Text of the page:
Of course, I do love a wide variety of movies that span a large selection of genres and subgenres out there. That being said, a do have a few genres that I do favor more than others, including the action, comedy, and fantasy film genres out there. This, of course, brings up the subgenre of “black comedy” endeavors that (not to be confused African American comedy driven features) is somewhat of an elusive muse to me. Sure, I’ve seeing several pictures that have utilized (semi and / or fully) this particular form of storytelling, but I haven’t been the biggest fan of these dark comedy productions. That not to say that I discredit them or wave them off as second-rate movies, but it just isn’t my particular “cup of tea” ….if you will. I don’t know. There’s just something about them that I have a hard time of “getting myself” immersed in their story. Maybe it’s because of the darker elements that blend together with comedic flourishes. To me, the combination of such two very distinct genres don’t exactly mesh well together. I usually just find it a bit odd, especially since such polar opposites are usually at odds with each other. It’s all about finding balance and such balance between the two aspects can sometimes be a little bit distracting. Perhaps my personal favorite of such black comedies endeavors would have to be 1996’s Fargo and 2009’s Inglorious Basterds, which (to me) had the better balance of comedic levity and darker tones spread out in their presentation. In the end, while not exactly my personal favorite film genre to watch, I do have to appreciate the endurance of such a movie subgenre that, while cater to a particular crowd, still manages to produce some intriguing details on finding comedy within such dark situations…..or vice versa.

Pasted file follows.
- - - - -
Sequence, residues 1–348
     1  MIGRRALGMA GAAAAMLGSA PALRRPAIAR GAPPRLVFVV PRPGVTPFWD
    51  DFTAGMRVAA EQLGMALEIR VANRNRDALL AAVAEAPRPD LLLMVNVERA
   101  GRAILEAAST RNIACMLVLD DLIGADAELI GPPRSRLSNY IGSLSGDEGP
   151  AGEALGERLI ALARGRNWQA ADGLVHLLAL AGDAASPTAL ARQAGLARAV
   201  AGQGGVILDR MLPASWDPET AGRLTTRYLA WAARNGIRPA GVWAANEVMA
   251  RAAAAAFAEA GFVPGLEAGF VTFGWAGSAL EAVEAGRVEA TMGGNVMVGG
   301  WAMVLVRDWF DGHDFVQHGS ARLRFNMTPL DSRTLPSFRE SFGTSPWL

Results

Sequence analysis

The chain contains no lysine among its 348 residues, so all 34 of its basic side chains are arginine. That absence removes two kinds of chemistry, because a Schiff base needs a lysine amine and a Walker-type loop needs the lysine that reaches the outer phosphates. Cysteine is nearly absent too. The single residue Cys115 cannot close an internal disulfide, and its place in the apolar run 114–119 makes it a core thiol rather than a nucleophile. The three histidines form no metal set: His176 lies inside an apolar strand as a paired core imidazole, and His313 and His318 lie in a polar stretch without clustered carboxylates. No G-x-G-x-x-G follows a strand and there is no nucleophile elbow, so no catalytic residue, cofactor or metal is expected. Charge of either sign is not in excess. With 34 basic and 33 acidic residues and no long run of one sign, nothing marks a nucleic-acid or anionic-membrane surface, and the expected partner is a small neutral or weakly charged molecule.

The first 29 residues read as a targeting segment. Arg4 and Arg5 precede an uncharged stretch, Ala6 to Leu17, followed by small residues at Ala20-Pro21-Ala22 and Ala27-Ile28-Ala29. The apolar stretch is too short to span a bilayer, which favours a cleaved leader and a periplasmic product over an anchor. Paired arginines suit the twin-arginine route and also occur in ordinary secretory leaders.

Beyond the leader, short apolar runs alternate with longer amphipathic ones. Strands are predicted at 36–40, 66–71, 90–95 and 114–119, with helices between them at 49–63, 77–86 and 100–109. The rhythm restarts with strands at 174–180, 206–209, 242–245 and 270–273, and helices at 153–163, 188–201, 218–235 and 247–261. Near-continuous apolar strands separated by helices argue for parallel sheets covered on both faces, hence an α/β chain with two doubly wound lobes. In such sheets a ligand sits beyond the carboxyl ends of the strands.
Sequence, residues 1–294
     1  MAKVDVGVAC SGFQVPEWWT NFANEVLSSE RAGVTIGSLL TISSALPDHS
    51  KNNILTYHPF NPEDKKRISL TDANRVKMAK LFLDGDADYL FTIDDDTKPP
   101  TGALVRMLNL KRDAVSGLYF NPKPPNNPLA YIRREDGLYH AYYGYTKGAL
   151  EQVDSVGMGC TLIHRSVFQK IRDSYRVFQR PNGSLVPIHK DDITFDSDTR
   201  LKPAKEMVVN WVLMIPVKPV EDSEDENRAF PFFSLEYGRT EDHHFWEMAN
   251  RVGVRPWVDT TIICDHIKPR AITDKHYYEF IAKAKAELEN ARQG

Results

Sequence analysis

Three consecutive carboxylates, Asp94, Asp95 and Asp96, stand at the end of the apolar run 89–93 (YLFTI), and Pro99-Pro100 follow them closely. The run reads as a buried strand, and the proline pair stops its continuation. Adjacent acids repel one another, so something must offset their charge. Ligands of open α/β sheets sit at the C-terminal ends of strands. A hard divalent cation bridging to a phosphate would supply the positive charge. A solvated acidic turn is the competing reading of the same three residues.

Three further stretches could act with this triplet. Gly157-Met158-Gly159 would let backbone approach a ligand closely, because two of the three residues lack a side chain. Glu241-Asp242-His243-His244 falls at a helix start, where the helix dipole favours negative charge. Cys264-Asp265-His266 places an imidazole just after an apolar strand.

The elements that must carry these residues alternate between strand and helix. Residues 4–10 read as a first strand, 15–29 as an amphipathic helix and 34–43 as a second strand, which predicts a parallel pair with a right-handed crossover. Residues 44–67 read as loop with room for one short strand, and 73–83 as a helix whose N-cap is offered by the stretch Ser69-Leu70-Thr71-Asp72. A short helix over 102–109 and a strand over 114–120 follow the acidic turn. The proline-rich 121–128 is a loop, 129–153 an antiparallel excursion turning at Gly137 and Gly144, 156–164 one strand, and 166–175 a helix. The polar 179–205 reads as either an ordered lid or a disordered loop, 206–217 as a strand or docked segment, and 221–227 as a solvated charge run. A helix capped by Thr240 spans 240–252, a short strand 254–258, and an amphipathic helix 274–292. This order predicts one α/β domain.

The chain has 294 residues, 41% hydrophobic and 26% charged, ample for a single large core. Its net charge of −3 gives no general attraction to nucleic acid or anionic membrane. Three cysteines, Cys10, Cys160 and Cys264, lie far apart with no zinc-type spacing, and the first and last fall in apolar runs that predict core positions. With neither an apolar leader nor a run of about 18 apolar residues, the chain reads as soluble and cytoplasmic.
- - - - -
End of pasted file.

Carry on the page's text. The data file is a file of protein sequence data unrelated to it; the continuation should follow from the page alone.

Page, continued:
This brings me back to talking about The Menu, a 2022 film and the latest film to present a black comedy feature film. In truth, I really don’t remember hearing about this movie when it was first announced, for it somewhat “skipped through the cracks” of the internet movie new buzz. I think I actually first heard about the project sometime in the spring of 2022, a movie something about deranged master chef and how he serves food to suspicious guests. Plus, I remember hearing that actress Anya Taylor-Joy and actors Ralph Fiennes and Nicholas Hoult were going to be in the movie as well. It did sound like something interesting, but I didn’t give it much thought as I was a little bit more preoccupied by other movies of 2022 that were planning to come out in the next few months. In fact, I really didn’t see much advertising for The Menu. Not a whole lot marketing campaign. Heck, I can’t even recall seeing the film’s movie trailer during the “coming attractions” preview when I went out to my local movie theater. After that, I think it was around September or October, I began to hear a lot of reviewers and people across the internet talking about The Menu and how much they liked it. This “word of mouth” did eventually catch my interest in actually finally seeing The Menu, but, as far as I was aware, it actually never came to my movie theaters around me, which was disappointing. So, I was going to wait until the movie was going to be released (on digital or physical copy) to view and (eventually) review it. Surprisingly, I was able to catch the feature on HBO Max, which I did view on one of my day’s off from work. Sadly, though, with my busy schedule of work and my “back up” on film reviews to do, I had to keep pushing off my review for The Menu for several weeks. Now, with some free time, I’m finally able to share my personal thoughts on this movie. And what did I think of it? Well, I actually liked it. Despite some apparent problematic areas within the film’s narrative flow and overall execution substance, The Menu offers up a deliciously feature of dubious duplicity of one unhinged man’s master plan as well as giving some intriguing commentary on food critics in some great nuances within its story and characters. The movie is quite electrifying, with the feature up to the task of presenting a new slice of dark comedy….on a devilish cinematic dish.